TREND: FAN­TAS­TIC IN­DI­VID­U­AL­ISM BARRETTS GROVE CLERKENWELL

London Evening Standard (West End Final B) - ES Homes and Property - - Architecture -

QUAL­ITY ON A BUD­GET BRENT­FORD LOCK WEST BRENT­FORD

Part of a wider lo­cal re­gen­er­a­tion plan, Brent­ford Lock West is the pro­ject of Isis Wa­ter­side Re­gen­er­a­tion and Muse De­vel­op­ments in a for­mer in­dus­trial area next to the Grand Union Canal. Not tra­di­tional house­builders, Isis Wa­ter­side and Muse turn their hands to many types of de­vel­op­ment, seek­ing ad­ven­tur­ous ar­chi­tec­tural so­lu­tions.

The scheme is a sen­si­tive ex­am­ple of “New Lon­don Ver­nac­u­lar”. Oth­ers try less suc­cess­fully to match the qual­ity that ar­chi­tect Mikhail Riches has man­aged to achieve with Cathy Haw­ley, in brick and on a fairly low bud­get, through care­ful use of pro­por­tion, asym­met­ric rhythm of open­ings and imag­i­na­tive de­tail­ing. There is a lot of this ap­proach about in re­gen­er­a­tion.

BRIGHT ‘BIRDCAGE’ IS A WORKSPACE 6 WOOD LANE HIGH­GATE

The fan­tas­tic in­di­vid­u­al­ism of this pri­vate house by Birds Portch­mouth Rus­sum Architects ( bird­sportch­mouth rus­sum.com) at 6 Wood Lane in High­gate, with its bright blue moulded desk and yel­low floor for a birdcage of a workspace in the top half, makes for a rich gem of a prop­erty. It took seven years and about £600,000 to com­plete as a self-build pro­ject. Tightly planned func­tional spa­ces are con­trasted with gen­er­ous liv­ing ar­eas — a small en­trance, tiny bath­rooms and boat-like stair­cases un­fold into the ver­ti­cal liv­ing spa­ces with views be­tween parts of the house and over the gar­den.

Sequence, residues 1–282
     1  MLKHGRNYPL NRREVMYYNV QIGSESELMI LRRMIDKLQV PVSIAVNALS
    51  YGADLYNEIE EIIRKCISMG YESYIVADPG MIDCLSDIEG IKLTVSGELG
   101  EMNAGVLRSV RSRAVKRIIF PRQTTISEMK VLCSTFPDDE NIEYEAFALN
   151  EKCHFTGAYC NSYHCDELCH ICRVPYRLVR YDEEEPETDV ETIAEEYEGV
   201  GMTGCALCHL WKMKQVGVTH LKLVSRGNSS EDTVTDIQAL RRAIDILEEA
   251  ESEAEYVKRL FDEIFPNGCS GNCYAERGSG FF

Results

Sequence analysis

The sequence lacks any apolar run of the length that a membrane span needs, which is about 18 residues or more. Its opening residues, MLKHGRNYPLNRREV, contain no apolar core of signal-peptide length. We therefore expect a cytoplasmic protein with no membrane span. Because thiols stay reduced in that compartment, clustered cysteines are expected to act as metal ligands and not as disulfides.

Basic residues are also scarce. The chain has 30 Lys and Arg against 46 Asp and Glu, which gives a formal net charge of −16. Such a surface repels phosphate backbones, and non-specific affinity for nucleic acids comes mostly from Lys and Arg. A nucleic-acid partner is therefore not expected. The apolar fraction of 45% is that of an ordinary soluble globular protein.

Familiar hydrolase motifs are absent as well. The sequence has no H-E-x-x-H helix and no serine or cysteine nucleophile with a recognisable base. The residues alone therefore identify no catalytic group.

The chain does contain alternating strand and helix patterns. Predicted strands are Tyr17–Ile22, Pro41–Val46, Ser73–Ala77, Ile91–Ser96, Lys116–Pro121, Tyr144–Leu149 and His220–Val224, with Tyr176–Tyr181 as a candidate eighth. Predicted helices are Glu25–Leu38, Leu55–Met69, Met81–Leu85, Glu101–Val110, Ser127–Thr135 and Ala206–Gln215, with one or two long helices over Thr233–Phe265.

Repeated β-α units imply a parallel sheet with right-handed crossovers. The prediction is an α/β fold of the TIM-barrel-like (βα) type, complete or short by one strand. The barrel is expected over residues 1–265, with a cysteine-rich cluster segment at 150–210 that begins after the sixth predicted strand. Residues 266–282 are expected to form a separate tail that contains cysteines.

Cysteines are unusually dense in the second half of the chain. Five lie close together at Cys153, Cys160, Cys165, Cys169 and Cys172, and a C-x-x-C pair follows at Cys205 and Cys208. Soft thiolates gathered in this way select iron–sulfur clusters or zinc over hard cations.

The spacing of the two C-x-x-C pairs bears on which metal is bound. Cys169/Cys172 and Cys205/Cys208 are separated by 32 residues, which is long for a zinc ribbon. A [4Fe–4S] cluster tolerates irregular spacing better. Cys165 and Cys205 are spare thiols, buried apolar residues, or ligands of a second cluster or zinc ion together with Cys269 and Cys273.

Above and right: the Sun Rain Room is an ex­ten­sion built for work and play

THE PLEASUREDOME

SUN RAIN ROOM IS­LING­TON Quirky to a tee is Mike Tonkin and Anna Liu’s ( tonkin­liu. co.uk) Sun Rain

Room, a two-storey rear ex­ten­sion to their own Ge­or­gian fam­ily town­house in Is­ling­ton. The lower storey pro­vides stu­dio space for their prac­tice, Tonkin Liu, while sit­ting splen­didly above is a pleasuredome of a pool­side en­ter­tain­ment space with a swoop­ing green roof. Cap­tured rain­wa­ter fills the black gran­ite pool which con­trasts with the white of the pool­side.

FROM ZAHA TO TAHA STOKE NEW­ING­TON

Amin Taha Architects’ (am­intaha.co. uk) £1.3 mil­lion block, right, is made of the “fairy tale ma­te­ri­als” of brick, wood and straw — but it would take a very big bad wolf to blow this house down.

Like his for­mer boss, the late Dame Zaha Ha­did, Taha makes dis­tinc­tive, mav­er­ick ar­chi­tec­ture. In­side the stag­gered brick­work skin is a se­ries of small, tim­ber-lined flats for de­vel­oper Cob­star. Each has a “wicker bas­ket” bal­cony. If you want char­ac­ter, this is it. Barretts Grove proves that brick need never be bor­ing.

LOFT LIV­ING TO­DAY THE COOPERAGE

This for­mer brew­ery cooperage ex­em­pli­fies ur­ban liv­ing on the grand scale. It’s one of many in­dus­trial build­ings con­verted to res­i­den­tial use in the “loft liv­ing” craze of the Eight­ies and Nineties, now re­vis­ited for re­fur­bish­ment.

Chris Dyson Architects (chris­dyson. co.uk) has re­moved the “un­sym­pa­thetic” ear­lier scheme to re­veal the full po­ten­tial of the Clerkenwell Cooper

age’s in­ter­nal spa­ces and the ro­bust in­dus­trial ma­te­ri­als of the build­ing.

Its in­te­rior has been cut to cre­ate the triple-height liv­ing space, linked by a sculp­tural black metal stair­case. Con­crete, black steel, ex­posed brick, warm light­ing, veg­e­ta­tion and abun­dant nat­u­ral light up­date the still-de­sir­able no­tion of liv­ing in for­mer in­dus­trial spa­ces.

Bold colours, creative de­sign: above, the workspace up among the tree­tops

Near wa­ter­side walk­ways: Brent­ford Lock West on the Grand Union Canal

Ur­ban ideal: right, the Cooperage is a stun­ning in­dus­trial-style liv­ing space

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